Another source of remaining heterogeneity is that the reported CLABSI rate is affected by the extent to which cultures are taken, which may vary greatly between studies. Similarly, the extent to which early infections are included, not likely to be related to insertion of the central line, is also not consistently reported and may vary between studies. This relates to the question whether the control group may be contaminated due to some centres already starting to adopt the intervention as part of a secular trend, as suggested by Bion et al.14 Similar trends can be seen in other studies, for example, Berenholtz et al79 showed a 28% reduction in the control group and Marsteller et al15 a 21% reduction. Part of the reduction estimated in our meta-analysis is thus likely to be due to a secular trend. Furthermore, treatment in the control group may change over time, with (elements of) the bundle being applied as usual care so that an RCT with a control group without the bundle being applied may not be possible. This is also common in other areas in medicine and not specific for QI interventions. It is only a reminder to be specific on the compliance or treatment in the control group because this may otherwise result in confounding and lower reported effectiveness. All of these sources of heterogeneity may impact the effectiveness of the central line bundle, consistent with the meaning of low-quality evidence, that is, that future studies may influence our confidence in the effect estimate and are likely to change the estimate.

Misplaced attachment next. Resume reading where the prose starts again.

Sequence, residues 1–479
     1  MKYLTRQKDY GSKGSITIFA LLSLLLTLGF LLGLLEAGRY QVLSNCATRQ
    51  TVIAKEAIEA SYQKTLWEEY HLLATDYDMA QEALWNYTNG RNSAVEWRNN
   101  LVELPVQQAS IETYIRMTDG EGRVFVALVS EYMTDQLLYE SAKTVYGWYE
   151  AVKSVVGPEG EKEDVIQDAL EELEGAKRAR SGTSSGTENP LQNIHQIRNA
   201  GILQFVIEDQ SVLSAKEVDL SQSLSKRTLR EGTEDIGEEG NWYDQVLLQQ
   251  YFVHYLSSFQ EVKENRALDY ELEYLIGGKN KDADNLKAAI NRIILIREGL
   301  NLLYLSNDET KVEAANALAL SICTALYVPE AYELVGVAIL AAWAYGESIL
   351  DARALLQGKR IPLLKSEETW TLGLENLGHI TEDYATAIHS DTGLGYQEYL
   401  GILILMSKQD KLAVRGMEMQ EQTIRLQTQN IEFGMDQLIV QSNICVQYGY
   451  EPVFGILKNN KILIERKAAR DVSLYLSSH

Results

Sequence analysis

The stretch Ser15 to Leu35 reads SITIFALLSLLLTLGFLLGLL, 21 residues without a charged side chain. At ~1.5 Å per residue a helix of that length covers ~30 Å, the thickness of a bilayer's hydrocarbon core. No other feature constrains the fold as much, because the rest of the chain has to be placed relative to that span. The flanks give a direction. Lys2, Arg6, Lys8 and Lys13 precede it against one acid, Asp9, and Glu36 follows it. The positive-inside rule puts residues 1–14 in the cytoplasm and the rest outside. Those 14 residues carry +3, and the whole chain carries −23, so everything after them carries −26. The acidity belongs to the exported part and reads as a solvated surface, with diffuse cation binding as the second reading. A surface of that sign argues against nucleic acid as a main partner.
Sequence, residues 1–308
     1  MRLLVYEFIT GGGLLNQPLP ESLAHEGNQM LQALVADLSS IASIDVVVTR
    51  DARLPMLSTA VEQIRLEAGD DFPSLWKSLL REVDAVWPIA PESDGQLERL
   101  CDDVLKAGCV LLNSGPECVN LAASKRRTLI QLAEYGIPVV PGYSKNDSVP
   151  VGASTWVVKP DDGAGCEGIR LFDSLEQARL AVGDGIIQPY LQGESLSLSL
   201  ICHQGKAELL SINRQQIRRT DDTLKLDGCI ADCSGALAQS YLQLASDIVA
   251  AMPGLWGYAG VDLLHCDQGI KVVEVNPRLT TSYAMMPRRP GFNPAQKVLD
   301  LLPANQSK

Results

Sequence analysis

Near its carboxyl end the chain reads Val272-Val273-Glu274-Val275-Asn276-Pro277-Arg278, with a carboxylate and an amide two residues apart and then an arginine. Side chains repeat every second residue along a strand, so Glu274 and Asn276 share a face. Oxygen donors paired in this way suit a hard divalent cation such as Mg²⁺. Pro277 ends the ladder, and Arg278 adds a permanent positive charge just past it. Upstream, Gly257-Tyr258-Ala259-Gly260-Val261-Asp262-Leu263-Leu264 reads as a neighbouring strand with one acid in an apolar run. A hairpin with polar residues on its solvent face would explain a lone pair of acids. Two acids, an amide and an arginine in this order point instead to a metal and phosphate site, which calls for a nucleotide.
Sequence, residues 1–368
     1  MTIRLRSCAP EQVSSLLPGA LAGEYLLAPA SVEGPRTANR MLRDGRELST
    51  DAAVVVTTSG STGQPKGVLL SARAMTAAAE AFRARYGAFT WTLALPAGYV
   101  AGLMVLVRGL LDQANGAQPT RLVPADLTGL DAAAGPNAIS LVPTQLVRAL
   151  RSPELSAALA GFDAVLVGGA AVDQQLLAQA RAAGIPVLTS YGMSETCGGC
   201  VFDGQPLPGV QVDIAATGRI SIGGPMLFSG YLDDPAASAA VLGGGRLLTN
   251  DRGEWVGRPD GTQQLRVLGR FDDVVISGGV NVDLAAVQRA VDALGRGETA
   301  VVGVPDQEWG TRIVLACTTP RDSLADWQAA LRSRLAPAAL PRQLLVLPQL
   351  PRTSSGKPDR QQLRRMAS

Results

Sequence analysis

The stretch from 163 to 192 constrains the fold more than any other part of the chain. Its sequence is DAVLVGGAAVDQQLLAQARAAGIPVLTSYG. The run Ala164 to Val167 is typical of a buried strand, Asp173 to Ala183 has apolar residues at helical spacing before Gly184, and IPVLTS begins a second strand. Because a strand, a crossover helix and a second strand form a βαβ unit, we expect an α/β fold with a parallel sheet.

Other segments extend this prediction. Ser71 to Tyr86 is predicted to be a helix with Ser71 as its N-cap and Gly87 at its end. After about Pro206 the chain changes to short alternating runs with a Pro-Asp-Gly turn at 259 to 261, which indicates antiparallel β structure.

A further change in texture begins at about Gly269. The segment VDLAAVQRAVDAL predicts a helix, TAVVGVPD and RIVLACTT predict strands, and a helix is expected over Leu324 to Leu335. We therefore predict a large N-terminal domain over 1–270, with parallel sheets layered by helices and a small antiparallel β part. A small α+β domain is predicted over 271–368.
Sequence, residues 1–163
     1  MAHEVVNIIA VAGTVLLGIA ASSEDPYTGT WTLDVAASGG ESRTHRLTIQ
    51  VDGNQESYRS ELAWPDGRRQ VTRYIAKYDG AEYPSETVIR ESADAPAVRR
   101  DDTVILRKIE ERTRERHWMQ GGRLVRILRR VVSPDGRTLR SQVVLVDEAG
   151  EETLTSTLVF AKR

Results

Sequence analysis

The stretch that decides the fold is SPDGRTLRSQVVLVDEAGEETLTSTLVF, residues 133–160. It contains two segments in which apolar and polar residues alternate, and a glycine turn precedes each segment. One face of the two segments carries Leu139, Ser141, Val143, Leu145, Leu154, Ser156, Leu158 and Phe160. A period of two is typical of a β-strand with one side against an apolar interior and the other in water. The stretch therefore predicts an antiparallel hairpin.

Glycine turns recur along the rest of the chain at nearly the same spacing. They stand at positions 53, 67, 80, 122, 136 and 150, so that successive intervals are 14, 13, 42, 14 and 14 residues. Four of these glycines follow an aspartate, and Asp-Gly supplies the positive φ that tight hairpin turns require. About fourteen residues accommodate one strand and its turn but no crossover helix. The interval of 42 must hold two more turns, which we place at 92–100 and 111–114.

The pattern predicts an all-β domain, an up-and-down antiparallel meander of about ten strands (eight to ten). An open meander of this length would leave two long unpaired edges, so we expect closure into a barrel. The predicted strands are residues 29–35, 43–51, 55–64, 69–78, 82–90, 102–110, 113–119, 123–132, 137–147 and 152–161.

Context is usually put forward as being particularly relevant for the effectiveness of QI interventions.6 ,86–88 Many of the included studies in this meta-analysis are conducted in multiple centres or even multiple countries, but still report the central line bundle to be effective. So context does not determine whether the bundle is effective, but may be important for the magnitude of the effect. Variation in co-interventions between different contexts may be partly responsible for the heterogeneity in effect, even though their specific influence is usually not assessed,87 and particularly relevant for QI interventions as we cannot assume them to happen equally in both intervention and control groups. For example, we considered (mandatory) education, training sessions and a line supply cart as an integral part of bundle implementation, and thus low risk of bias. However, factors such as (financial) incentives for senior leaders, mandatory exams that professionals had to pass or the parallel introduction of, for example, antibiotic impregnated catheters, were considered to induce risk of bias consistent with the previously noted domain of external factors determining the effectiveness of QI interventions.6 ,88 This may have considerable impact on the effectiveness of the central line bundle and their impact may even vary between different centres, thereby creating heterogeneity particularly in multicentre studies. Other factors like the sense of urgency, leadership or safety culture are far more difficult to grasp but are possibly even more important for the success of the intervention.88